If Kids Don’t Get That Sick from COVID-19, Do They Need to Get Vaccinated? 

Currently, there is no vaccine against COVID-19 authorized for children 15 or younger. However, when a COVID vaccine is authorized for children, Cincinnati Children’s will advocate that every eligible child be vaccinated against COVID.

As of Dec. 31, 2020, more than 2.2 million kids in the United States had been infected with COVID-19 – and thousands of them had been hospitalized. At least 180 previously healthy kids died of COVID. 

The vaccine is important for the health and safety of children, but also to prevent them from spreading the disease to adults such as parents, grandparents, and teachers. Vaccines are going to be critical to get rid of the pandemic.  It’s much safer to get the vaccine than to contract the disease. 

Should Kids Get Flu Shots and the COVID-19 Vaccine?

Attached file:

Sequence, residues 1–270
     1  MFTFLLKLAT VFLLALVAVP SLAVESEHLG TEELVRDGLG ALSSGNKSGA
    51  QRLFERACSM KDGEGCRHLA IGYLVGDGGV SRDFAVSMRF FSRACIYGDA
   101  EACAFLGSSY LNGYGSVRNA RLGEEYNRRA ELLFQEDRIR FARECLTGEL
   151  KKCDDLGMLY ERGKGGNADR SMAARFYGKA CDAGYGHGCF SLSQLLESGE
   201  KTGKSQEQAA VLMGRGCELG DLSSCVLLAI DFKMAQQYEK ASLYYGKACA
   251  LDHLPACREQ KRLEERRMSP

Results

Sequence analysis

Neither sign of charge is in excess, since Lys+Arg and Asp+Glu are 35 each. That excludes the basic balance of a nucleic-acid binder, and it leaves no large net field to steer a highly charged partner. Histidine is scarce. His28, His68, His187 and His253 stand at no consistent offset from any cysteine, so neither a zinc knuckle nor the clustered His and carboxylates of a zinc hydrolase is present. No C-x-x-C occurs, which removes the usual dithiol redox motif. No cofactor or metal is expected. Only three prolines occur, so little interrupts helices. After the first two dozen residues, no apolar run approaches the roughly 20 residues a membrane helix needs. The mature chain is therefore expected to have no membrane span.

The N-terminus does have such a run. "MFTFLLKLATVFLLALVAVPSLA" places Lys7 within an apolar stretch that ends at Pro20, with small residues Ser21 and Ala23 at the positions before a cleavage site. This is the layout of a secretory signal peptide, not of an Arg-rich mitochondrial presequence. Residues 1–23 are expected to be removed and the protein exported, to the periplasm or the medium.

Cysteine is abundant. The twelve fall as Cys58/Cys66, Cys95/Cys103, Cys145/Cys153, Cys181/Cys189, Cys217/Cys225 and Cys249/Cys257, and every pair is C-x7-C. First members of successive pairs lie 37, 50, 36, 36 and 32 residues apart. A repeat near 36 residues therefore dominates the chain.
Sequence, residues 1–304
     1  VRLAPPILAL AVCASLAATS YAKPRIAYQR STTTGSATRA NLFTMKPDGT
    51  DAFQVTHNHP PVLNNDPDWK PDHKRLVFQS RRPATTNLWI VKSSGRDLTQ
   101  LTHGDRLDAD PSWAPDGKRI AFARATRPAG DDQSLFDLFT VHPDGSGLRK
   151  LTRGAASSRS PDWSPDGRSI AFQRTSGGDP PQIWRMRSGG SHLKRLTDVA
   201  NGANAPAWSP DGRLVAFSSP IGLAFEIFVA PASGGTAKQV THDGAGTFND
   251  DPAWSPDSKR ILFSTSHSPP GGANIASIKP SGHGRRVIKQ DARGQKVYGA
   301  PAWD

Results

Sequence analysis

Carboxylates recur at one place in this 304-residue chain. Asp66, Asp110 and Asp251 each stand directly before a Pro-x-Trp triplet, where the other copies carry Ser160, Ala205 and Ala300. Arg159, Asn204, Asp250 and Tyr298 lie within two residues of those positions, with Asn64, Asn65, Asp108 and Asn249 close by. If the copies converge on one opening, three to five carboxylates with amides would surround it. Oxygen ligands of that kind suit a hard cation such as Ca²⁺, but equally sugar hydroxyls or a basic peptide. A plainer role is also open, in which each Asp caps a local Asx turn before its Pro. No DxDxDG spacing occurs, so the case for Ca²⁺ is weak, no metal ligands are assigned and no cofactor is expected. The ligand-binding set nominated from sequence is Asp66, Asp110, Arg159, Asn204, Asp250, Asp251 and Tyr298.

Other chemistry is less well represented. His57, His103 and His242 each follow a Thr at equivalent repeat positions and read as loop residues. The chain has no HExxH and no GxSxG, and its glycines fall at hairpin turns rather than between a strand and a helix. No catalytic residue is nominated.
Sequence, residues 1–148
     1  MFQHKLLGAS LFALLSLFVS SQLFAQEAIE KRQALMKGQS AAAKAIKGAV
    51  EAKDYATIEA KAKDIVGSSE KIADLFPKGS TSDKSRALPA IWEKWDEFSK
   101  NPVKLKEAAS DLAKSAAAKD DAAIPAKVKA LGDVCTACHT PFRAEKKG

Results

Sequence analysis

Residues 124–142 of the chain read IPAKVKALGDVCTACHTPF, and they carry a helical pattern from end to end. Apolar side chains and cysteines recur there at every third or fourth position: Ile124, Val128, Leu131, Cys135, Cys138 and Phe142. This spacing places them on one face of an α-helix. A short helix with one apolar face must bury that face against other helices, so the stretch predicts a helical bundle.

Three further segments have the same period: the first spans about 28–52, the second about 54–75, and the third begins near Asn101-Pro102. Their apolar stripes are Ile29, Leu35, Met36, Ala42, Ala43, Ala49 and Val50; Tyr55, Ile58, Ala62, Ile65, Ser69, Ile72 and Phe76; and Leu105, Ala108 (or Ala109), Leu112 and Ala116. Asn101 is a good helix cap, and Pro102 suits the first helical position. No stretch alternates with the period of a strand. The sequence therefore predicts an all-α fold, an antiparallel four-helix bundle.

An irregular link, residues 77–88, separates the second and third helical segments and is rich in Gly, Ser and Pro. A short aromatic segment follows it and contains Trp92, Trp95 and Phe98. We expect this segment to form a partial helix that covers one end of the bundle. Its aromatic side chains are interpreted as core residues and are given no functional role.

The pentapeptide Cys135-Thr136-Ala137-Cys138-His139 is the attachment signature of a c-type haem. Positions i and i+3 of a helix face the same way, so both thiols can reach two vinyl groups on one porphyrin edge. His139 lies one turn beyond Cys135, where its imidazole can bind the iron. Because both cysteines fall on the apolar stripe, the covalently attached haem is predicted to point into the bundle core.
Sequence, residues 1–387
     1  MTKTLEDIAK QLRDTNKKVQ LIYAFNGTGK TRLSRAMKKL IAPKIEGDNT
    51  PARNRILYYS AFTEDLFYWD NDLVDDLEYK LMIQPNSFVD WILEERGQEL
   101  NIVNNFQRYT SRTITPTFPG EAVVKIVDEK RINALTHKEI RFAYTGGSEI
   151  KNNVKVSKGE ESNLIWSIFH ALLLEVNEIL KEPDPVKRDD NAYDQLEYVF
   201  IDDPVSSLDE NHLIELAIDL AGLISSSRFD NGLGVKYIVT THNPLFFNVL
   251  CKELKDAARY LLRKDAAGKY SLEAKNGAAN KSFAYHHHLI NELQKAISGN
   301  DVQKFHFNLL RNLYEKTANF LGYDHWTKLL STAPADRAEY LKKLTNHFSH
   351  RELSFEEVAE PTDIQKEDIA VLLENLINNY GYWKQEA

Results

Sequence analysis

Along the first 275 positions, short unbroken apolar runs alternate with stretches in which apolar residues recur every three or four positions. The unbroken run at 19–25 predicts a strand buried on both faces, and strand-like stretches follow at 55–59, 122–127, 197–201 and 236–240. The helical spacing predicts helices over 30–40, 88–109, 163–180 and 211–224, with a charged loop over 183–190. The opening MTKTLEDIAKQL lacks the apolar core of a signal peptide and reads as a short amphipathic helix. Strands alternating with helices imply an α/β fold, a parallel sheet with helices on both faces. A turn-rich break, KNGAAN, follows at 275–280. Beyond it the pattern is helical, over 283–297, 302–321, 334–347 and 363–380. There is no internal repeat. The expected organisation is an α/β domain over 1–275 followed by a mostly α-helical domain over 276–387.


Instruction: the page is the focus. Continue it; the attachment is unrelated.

We strongly advocate that every child over 6 months old get a yearly flu shot. Once the COVID-19 vaccine is authorized for children, Cincinnati Children’s will also advocate that every eligible child be vaccinated against COVID.

Do Vaccines Contain Aluminum? Are the Amounts Harmful?

Many vaccines contain alum, which has been used in vaccines for over 75 years and has been found to be safe. Alum is an adjuvant. Adjuvants are used to help our bodies create a better immune response to vaccines, making the vaccines more effective. Without an adjuvant, children may need more shots or have lower immunity to the infections.

We routinely ingest aluminum. For example, a quart of infant formula contains about the same amount of aluminum as the entire schedule of recommended pediatric vaccines.

Do Vaccines Contain Fetal Tissue?

No. Some vaccines against viruses (chickenpox, rubella and hepatitis A) use fetal cells to grow the vaccine viruses. But once the vaccine virus is grown, it is purified so that no human cells or human genetic material (DNA) is in the vaccine.

Do Vaccines Contain Gelatin From Pigs?